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Ratan Tata Pays Tribute To 26/11 Martyrs Of Mumbai Terror Attacks, Lifts Spirits Of The City

Today is the 11th anniversary of the 26/11 Mumbai terror attacks and while families who lost their loved ones still finding it difficult to move on in their lives, tributes poured in pan India for the Bravehearts from across the world.

One of those million people were Ratan Tata, chairman emeritus of Tata Sons who took it to Twitter to lift the spirit of Mumbai on this day. He tweeted, "A lot has been said about the tragedy of 26/11. The memory of the carnage and loss of life, is still painful. We won't forget the needless suffering caused across the city. But we remain proud of the spirit and the sense of unity of Mumbai."

Considered as one of the high-profile locations, Tata Group's landmark Taj Mahal Palace Hotel at the Gateway of India was also attacked and it was targeted by terrorists in a three-day onslaught that began on 26 November 2008. It was reported that from Pakistan, 10 heavily armed terrorists attacked Taj hotel, the Oberoi Trident at Nariman Point and Chhatrapati Shivaji Terminus.

This nerve-wracking incident can still send chills down your spine if you go through the stories for the survivours. While 166 people were killed, more than 300 people were injured. All were killed in the counter-terror attacks and Ajmal Kasab was hanged to death but for many scars are very much alive today.

Apart from the tweet, the 81-year-old posted a shared one post from Humans of Bombay in his Instagram story.

View this post on Instagram

"I was barely 10 years old when a bullet pierced my right leg. It happened at CST station. I was with my father and brother and we had stopped for a while to use the restroom. Before we knew it, chaos had erupted all around us. My instinct told me to run and that’s when I saw the man who shot straight at me. I felt so much pain… I collapsed. The next thing I remember was waking up in the hospital the next day. The doctor informed us about what took place on 26/11. I was so angry. Flashbacks of women and children dying at the station came back to me. But the clearest memory I had was of his face. I spent 1.5 months in the hospital being operated for the wound, but I couldn’t get his face out of my mind. As soon as I was better, I moved back to my village with my family. My father was contacted by the police to testify in court. We had to identify the attacker since we were some of the only survivors. I wasn’t scared, I wanted him to be punished. Our extended family stopped talking to us after this decision… they thought they would be attacked by terrorists because we were testifying. I walked to court in crutches. Out of the four men presented to me, I immediately recognised Ajmal Kasab. My heart was filled with anger. I wanted justice right there. That’s also when I made the decision to become an IPS officer. I thought I was being brave, but after this everyone disassociated from us. My father’s dry fruit shop shut down because no one wanted to do business with him. Our landlords hiked the rent because they think we’ve made money out of the publicity. The State Government’s promise of a flat is still unfulfilled. But we’re not giving up because we did what we had to for the country. Even though Ajmal Kasab is no more, my anger will only fully subside once I become an IAS officer and fight all this injustice. ‘Till date, I can’t enjoy Diwali or celebrate India’s win in Cricket because the sound of fireworks traumatizes me -- I know I’m not getting all these years back, but there will be an answer someday. They will face the consequence of raising a finger towards India… I will make sure of it.” #superhumansofbombay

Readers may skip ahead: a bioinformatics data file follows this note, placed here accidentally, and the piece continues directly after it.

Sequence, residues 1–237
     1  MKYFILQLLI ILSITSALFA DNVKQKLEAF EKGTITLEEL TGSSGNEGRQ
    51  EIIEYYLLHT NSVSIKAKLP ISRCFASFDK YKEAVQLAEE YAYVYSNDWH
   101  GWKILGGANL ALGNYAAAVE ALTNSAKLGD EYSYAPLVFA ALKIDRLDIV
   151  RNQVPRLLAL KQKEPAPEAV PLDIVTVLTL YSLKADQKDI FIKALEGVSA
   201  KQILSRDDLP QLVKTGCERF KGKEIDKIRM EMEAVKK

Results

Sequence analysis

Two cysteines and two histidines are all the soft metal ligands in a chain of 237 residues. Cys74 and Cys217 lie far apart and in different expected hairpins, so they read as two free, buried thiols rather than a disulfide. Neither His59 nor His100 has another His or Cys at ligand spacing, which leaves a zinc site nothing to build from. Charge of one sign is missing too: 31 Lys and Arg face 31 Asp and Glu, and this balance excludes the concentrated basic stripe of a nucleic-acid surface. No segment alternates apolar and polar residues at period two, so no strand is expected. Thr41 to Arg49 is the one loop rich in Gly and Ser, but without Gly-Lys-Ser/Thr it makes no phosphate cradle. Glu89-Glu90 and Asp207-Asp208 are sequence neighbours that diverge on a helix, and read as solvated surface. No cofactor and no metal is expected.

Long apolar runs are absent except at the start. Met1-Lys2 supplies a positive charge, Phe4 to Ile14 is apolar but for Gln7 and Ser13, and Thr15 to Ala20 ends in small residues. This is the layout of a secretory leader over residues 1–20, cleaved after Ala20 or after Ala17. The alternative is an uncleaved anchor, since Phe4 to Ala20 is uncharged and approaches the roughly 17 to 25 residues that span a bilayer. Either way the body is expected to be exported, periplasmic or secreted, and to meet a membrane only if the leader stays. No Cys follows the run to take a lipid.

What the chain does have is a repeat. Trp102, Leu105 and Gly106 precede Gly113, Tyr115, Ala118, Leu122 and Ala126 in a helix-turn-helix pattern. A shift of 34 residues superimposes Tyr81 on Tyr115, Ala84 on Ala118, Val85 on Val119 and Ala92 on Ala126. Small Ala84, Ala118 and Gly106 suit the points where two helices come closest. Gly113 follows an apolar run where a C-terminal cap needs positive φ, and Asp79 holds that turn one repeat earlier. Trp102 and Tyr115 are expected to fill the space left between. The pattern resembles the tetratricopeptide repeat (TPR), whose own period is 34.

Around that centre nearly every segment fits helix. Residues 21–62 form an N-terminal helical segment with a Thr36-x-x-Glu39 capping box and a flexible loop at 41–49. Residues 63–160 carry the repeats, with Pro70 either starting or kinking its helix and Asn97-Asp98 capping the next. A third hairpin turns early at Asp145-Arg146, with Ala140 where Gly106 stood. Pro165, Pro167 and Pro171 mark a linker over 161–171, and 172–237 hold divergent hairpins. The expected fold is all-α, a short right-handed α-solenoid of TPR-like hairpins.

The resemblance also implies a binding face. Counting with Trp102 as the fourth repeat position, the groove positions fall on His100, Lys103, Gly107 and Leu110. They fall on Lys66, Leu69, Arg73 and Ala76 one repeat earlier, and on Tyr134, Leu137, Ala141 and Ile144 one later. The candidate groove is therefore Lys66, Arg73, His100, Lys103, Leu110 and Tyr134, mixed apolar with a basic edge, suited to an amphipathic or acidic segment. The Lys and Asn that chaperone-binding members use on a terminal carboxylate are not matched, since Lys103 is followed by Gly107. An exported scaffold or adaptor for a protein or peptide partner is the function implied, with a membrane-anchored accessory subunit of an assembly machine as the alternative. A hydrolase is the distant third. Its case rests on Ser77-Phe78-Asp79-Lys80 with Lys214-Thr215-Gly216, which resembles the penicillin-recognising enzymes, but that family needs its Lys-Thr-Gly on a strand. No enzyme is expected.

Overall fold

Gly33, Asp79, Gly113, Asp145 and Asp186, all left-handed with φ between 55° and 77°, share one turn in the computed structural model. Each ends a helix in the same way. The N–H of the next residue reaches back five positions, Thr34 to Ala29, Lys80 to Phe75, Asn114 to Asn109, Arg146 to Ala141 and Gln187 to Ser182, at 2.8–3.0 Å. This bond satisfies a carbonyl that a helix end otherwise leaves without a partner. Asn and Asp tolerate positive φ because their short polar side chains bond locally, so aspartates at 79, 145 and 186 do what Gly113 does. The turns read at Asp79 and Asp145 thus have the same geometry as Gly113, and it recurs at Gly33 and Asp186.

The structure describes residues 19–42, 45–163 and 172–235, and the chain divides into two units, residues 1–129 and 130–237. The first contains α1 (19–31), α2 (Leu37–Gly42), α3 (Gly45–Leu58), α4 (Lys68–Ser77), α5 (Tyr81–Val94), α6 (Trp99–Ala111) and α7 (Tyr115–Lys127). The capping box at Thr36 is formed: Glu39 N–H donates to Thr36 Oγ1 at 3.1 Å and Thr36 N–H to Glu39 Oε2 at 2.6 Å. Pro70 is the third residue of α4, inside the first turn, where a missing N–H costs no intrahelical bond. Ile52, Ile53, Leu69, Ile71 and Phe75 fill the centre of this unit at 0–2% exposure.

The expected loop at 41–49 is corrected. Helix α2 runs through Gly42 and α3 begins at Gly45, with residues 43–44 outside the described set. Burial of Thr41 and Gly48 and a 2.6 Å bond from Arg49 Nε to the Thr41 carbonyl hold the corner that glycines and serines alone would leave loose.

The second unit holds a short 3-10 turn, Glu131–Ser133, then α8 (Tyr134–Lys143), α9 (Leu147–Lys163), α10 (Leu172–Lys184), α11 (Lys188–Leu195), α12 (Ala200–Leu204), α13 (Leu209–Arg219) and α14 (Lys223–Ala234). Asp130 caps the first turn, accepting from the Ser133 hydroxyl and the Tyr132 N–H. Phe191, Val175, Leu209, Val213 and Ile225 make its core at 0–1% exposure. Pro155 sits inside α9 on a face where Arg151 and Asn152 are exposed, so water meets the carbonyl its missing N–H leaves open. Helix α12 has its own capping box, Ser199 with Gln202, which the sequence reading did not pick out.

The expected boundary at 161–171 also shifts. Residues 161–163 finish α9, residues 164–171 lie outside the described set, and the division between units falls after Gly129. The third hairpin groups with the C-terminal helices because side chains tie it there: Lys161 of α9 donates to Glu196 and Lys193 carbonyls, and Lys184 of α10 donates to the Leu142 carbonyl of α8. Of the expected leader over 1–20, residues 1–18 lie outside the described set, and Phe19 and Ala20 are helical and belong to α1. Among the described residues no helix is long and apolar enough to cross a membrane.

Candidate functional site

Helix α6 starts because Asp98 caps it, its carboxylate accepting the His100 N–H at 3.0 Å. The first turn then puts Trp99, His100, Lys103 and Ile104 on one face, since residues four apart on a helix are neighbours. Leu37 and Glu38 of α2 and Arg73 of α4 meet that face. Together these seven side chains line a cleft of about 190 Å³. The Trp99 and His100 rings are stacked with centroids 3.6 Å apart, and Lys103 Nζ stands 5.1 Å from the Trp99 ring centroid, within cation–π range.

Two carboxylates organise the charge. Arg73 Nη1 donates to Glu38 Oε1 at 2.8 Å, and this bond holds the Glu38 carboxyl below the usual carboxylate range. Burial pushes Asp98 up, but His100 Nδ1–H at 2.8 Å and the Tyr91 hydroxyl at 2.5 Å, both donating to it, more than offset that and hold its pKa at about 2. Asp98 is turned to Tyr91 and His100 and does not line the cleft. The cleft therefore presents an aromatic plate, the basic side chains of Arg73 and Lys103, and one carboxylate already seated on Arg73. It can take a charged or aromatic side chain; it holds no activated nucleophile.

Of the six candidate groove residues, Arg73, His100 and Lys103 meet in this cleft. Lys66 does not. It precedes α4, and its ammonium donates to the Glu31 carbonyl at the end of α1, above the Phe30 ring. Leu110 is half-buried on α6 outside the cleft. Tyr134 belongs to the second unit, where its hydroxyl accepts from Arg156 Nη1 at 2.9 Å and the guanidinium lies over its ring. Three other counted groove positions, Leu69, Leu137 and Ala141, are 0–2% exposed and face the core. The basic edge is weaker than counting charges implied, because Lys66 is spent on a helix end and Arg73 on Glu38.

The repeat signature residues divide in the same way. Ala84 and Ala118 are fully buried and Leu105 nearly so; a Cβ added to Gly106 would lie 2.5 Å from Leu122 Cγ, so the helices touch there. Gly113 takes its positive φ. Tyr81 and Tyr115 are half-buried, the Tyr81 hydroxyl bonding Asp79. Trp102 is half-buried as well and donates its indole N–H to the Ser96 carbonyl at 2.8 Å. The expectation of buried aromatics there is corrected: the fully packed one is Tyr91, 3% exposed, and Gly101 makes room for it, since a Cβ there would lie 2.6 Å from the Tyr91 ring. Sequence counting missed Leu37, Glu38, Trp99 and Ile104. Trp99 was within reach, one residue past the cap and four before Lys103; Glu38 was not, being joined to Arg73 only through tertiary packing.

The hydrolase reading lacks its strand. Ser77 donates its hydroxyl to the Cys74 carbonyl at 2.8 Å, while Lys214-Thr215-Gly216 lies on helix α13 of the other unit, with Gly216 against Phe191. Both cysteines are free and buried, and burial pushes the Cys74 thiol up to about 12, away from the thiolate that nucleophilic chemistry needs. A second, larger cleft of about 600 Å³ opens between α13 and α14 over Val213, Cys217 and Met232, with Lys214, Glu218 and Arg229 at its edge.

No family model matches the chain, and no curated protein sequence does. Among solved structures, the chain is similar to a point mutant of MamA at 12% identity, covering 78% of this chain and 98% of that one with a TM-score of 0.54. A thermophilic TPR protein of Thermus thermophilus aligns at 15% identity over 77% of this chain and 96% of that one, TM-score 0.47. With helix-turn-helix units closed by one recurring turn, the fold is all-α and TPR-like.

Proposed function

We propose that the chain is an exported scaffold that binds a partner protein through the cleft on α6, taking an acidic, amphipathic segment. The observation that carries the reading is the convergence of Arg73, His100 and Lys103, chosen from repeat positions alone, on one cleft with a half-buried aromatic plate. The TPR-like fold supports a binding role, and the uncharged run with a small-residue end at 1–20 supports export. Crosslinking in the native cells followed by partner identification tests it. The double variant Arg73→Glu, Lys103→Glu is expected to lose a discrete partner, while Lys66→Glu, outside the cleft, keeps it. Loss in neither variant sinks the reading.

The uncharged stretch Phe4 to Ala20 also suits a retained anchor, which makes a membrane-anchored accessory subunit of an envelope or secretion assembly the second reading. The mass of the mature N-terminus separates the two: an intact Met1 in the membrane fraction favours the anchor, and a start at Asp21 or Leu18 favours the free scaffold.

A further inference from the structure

A post shared by Humans of Bombay (@officialhumansofbombay) on

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